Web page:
Gracing the pages of various Spanish-language newspapers yesterday and today is an article entitled “Bin Laden in Latin America”. Written by exiled Cuban columnist and author Carlos Alberto Montaner, whose claims to fame include referring to Eduardo Galeano’s acclaimed Open Veins of Latin America as “the idiot’s bible”, it might be more appropriately titled “The idiot’s attempt to turn Hugo Chávez into bin Laden by way of an irrelevant Ethiopian”.
The article begins with the announcement that an Ethiopian terrorist engaged in the trafficking of illegal immigrants was captured in Ecuador and deported to the United States in March. Montaner himself states in the first paragraph that the man’s ties to Al Qaeda have not been confirmed, but declares in the second that the purpose of said trafficking was presumably to raise funds for the organization and to construct networks of potential collaborators.
Via this introduction, we somehow arrive at the revelation that the president of Venezuela is “an accomplice of all extremist and fanatically Islamic causes, including Al Qaeda”, though Montaner refrains from explaining whether the expulsion from Caracas of Israeli diplomatic personnel in response to massacres in Gaza qualifies as fanatical complicity. Montaner asserts that the reason for Chávez’ pro-extremist behavior is “not at all clear” but promptly goes on to state, quite clearly, that the Venezuelan leader—plus his counterparts in Cuba, Nicaragua, Ecuador, and Bolivia—perceive Al Qaeda, Hamas, and Hezbollah “as allies because they believe they have a common enemy: north American imperialism”.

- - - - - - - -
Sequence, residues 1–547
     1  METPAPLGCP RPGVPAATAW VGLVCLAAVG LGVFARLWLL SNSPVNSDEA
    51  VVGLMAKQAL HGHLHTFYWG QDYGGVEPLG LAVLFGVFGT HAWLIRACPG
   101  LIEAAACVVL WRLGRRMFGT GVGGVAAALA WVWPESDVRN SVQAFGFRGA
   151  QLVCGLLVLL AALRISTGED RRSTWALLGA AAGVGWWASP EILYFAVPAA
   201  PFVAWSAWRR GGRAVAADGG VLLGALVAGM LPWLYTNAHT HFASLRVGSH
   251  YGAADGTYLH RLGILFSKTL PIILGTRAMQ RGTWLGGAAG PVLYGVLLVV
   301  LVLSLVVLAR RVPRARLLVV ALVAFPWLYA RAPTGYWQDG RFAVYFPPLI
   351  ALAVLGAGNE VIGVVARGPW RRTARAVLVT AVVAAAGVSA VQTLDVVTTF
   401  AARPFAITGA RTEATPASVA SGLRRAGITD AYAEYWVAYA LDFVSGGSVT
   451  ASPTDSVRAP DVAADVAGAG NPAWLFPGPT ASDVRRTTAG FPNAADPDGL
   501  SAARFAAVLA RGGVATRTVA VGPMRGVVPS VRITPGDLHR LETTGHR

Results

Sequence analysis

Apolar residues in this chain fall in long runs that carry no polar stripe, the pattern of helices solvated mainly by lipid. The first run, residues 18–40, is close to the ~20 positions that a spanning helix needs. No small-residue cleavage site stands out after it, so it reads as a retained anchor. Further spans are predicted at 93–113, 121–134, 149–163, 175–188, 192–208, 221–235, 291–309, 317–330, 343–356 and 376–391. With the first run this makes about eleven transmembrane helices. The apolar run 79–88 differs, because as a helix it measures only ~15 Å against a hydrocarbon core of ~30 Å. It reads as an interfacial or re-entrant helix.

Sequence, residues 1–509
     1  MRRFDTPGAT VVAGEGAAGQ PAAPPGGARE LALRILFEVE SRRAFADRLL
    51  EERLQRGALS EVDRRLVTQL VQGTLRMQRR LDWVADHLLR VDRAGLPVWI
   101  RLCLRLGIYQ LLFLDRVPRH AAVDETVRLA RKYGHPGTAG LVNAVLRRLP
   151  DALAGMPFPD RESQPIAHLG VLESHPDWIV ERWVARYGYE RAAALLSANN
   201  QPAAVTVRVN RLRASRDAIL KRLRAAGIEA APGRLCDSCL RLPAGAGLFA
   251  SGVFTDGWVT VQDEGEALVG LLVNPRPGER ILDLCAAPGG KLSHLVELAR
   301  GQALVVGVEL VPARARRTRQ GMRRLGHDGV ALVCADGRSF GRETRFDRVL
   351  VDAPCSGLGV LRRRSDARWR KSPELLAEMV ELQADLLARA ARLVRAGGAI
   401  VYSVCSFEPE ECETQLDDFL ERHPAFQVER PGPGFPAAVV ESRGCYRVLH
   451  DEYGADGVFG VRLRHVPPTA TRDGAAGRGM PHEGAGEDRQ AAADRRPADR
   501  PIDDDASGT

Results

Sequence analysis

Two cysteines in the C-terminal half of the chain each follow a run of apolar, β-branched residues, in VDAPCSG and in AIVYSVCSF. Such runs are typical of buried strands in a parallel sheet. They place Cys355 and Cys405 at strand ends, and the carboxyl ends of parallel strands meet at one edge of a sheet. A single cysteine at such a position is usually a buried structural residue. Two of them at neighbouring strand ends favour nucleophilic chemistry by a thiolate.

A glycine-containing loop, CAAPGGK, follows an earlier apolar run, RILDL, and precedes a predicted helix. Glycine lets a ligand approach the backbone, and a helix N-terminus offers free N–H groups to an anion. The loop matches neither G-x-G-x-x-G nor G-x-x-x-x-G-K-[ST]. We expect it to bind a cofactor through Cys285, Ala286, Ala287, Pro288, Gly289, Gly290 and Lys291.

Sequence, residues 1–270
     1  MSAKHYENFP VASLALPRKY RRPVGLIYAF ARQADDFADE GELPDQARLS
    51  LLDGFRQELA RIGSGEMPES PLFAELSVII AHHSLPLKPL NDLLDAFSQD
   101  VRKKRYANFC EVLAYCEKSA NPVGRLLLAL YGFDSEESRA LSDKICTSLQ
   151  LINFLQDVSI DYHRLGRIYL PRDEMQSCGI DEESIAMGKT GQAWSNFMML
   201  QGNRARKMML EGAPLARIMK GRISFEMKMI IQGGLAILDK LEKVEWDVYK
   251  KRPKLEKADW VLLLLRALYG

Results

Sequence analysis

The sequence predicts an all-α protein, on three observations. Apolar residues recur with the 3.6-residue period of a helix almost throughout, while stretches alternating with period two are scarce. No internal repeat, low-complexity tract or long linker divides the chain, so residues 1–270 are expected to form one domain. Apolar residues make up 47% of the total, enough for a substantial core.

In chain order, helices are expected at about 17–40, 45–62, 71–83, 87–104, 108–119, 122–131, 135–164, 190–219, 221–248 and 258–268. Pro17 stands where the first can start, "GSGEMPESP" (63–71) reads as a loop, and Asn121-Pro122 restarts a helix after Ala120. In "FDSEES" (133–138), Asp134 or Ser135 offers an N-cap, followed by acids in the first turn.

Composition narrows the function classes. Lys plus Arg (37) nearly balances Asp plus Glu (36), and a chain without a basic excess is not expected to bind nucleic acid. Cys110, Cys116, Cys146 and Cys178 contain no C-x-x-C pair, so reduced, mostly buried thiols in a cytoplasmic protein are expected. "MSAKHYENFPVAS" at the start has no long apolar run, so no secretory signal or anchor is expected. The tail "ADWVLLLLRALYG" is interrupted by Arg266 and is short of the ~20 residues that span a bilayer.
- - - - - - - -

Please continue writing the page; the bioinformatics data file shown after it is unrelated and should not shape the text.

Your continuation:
The conclusion of Montaner’s slop is that chavismo is in fact more of a threat to the U.S. than radical Islam because “if the Americans withdraw from the Middle East, it is likely that the Islamists will gradually abandon anti-Americanism, whereas according to Chávez’ vision no victory is final without the destruction of the U.S.”.
His vacuous parting thought—that bin Laden and “Chávez and his gang” are “strange bedfellows”—meanwhile fails to take into account the appearance of stranger bedfellows throughout history, or the possibility that Montaner’s own reported ties to the CIA might have produced a more introspective article than “Bin Laden in Latin America”, such as “Bin Laden in my bed”.